Antidepressants and seizures: emphasis on newer agents and clinical implications

Int J Clin Pract. 2005 Dec;59(12):1435-40. doi: 10.1111/j.1368-5031.2005.00731.x.


Seizures are a known, relatively rare, consequence of antidepressant treatment. Risk estimates vary depending on the study, source of data and patient population, predisposed vs. nonpredisposed. For newer antidepressants (e.g. selective serotonin reuptake inhibitors, bupropion, mirtazepine, etc.), the risk is generally considered to be low (0.0%-0.4%) and not very different from the incidence of first seizure in the general population (0.07%-0.09%). Risk with tricyclic antidepressants at effective therapeutic doses is relatively high (0.4% to 1-2%). Seizure following overdose is a significant and relatively frequent event for some antidepressants. Patients being considered for antidepressant treatment should be screened for predisposition to seizures. Predisposed patients should receive antidepressants cautiously. The seizure potential of antidepressants in patients without a predisposition is low, especially for newer antidepressants. Seizure risk, along with other drug-related considerations, e.g. weight gain, sexual dysfunction and sedation, should be considered when prescribing an antidepressant.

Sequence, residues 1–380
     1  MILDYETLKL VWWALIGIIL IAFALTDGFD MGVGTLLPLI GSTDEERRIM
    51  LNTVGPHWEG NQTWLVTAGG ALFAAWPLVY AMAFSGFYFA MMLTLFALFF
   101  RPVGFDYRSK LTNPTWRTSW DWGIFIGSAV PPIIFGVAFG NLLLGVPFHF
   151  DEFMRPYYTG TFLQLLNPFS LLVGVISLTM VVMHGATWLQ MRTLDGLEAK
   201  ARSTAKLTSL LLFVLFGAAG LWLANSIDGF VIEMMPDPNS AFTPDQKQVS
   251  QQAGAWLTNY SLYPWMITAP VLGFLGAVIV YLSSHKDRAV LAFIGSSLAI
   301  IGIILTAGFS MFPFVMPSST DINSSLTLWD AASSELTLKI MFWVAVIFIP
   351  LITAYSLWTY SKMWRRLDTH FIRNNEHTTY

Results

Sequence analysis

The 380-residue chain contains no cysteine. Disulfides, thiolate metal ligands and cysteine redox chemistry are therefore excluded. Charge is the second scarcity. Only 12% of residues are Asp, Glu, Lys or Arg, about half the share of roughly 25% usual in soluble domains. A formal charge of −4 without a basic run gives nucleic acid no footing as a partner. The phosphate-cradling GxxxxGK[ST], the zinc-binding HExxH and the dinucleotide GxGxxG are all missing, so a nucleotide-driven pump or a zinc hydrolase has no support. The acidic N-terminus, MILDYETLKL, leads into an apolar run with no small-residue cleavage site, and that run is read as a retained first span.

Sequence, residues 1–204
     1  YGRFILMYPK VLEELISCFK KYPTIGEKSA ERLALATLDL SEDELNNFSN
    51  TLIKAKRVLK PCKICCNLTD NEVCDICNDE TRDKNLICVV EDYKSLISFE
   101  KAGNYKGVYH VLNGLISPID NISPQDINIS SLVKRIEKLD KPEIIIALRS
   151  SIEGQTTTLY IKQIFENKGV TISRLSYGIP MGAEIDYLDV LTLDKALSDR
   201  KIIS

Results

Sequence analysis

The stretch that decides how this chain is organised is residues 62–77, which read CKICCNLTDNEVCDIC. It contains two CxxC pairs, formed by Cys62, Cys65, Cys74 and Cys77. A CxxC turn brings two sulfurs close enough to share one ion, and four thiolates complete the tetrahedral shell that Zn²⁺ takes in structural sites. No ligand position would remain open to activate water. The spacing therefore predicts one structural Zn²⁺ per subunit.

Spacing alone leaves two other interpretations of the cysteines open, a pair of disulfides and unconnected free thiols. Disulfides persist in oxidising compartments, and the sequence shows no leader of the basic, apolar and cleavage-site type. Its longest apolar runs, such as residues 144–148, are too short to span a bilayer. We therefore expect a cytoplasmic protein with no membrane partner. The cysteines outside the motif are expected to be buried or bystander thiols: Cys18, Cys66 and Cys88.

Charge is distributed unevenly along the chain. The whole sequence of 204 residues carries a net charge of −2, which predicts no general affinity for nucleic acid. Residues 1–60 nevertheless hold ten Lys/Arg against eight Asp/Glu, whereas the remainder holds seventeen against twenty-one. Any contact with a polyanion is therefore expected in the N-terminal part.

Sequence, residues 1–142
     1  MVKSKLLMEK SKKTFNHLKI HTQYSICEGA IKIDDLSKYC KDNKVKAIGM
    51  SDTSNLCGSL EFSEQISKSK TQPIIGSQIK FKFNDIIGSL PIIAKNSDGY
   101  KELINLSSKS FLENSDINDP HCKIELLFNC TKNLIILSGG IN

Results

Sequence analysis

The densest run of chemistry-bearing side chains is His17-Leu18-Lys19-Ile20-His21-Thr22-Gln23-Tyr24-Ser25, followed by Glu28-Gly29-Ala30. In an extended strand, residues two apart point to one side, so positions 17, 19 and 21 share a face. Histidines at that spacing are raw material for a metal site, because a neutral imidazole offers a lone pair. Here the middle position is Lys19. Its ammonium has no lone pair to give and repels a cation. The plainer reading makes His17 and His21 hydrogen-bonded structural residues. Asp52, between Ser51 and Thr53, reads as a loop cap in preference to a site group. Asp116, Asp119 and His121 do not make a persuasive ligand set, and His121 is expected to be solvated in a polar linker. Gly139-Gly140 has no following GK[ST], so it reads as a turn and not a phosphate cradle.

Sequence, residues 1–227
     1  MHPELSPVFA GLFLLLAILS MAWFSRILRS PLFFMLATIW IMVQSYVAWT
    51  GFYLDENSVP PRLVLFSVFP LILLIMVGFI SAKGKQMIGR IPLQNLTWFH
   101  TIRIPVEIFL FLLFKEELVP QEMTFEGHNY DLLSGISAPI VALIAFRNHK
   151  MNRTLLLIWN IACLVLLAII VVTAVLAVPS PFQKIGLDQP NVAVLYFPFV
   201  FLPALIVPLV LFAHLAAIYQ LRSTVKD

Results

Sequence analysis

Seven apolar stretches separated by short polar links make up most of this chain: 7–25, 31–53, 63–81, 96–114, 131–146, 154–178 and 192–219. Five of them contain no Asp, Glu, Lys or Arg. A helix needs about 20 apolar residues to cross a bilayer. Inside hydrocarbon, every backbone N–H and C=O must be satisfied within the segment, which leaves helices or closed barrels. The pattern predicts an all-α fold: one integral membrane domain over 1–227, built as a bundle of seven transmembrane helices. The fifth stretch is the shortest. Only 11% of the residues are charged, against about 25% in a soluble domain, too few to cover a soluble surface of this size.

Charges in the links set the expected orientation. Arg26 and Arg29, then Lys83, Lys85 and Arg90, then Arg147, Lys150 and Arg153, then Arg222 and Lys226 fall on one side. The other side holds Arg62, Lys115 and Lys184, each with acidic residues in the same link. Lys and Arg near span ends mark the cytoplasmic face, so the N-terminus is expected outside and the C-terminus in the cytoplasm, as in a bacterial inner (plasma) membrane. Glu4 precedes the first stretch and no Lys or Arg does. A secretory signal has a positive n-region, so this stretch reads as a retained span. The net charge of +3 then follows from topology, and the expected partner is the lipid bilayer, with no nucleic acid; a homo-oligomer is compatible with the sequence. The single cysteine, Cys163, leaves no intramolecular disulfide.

Publication types

  • Research Support, Non-U.S. Gov't
  • Review

MeSH terms

  • Adrenergic Uptake Inhibitors / adverse effects
  • Adrenergic alpha-Antagonists / adverse effects
  • Antidepressive Agents, Tricyclic / adverse effects*
  • Depressive Disorder, Major / drug therapy*
  • Dopamine Uptake Inhibitors / adverse effects
  • Humans
  • Monoamine Oxidase Inhibitors / adverse effects
  • Seizures / chemically induced*
  • Selective Serotonin Reuptake Inhibitors / adverse effects*


  • Adrenergic Uptake Inhibitors
  • Adrenergic alpha-Antagonists
  • Antidepressive Agents, Tricyclic
  • Dopamine Uptake Inhibitors
  • Monoamine Oxidase Inhibitors
  • Serotonin Uptake Inhibitors